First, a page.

New York , NY
Maple Sugaring, 1872
Photograph - Photograph
Lithograph entitled "American forest scene. Maple sugaring." This 1872 winter scene depicts the process of making maple syrup by tapping trees and boiling the sap in large kettles. In the early stages of European colonization in northeastern North America, indigenous peoples showed the arriving colonists how to tap the trunks of certain types of maples during the spring thaw to harvest the sap. Maple sugaring parties typically began to operate at the start of the spring thaw in regions of woodland with sufficiently large numbers of maples. Syrup makers first bored holes in the trunks, usually more than one hole per large tree; they then inserted wooden spouts into the holes and hung a wooden bucket from the protruding end of each spout to collect the sap.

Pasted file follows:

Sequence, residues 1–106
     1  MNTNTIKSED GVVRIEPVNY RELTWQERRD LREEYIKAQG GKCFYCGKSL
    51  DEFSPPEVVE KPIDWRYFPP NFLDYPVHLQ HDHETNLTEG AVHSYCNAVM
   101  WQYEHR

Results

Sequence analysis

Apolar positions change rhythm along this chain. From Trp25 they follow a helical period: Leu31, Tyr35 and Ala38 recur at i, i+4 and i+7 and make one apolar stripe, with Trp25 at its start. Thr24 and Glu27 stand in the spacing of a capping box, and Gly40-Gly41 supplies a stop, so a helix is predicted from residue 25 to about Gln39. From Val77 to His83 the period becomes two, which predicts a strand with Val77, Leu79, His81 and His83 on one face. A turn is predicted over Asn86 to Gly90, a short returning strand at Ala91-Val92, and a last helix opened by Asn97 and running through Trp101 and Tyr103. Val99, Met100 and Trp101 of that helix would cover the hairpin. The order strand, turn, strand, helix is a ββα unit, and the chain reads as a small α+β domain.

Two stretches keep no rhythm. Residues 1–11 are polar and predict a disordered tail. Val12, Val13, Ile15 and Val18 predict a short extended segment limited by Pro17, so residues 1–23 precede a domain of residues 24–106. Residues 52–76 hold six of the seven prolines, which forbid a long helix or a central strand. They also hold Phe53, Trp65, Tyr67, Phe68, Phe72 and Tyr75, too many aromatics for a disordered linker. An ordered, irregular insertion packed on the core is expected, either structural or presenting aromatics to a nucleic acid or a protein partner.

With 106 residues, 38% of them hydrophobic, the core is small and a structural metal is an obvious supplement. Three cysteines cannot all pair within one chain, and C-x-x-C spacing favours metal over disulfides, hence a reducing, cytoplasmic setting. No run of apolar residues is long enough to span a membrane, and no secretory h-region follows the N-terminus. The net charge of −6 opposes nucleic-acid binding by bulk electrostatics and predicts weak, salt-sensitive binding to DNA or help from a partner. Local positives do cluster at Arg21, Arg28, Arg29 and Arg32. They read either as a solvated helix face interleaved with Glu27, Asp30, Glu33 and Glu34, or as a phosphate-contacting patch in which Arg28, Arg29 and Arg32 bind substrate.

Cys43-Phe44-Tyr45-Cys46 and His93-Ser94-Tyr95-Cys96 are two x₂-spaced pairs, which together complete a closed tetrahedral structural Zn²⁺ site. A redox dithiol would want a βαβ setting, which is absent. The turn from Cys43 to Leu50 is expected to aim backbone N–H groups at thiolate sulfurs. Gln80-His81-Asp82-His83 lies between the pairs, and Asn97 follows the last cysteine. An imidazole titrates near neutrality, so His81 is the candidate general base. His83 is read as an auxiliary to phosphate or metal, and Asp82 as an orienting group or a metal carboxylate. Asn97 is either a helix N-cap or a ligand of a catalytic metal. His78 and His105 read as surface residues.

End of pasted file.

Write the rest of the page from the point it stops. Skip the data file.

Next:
May 30th, 2013
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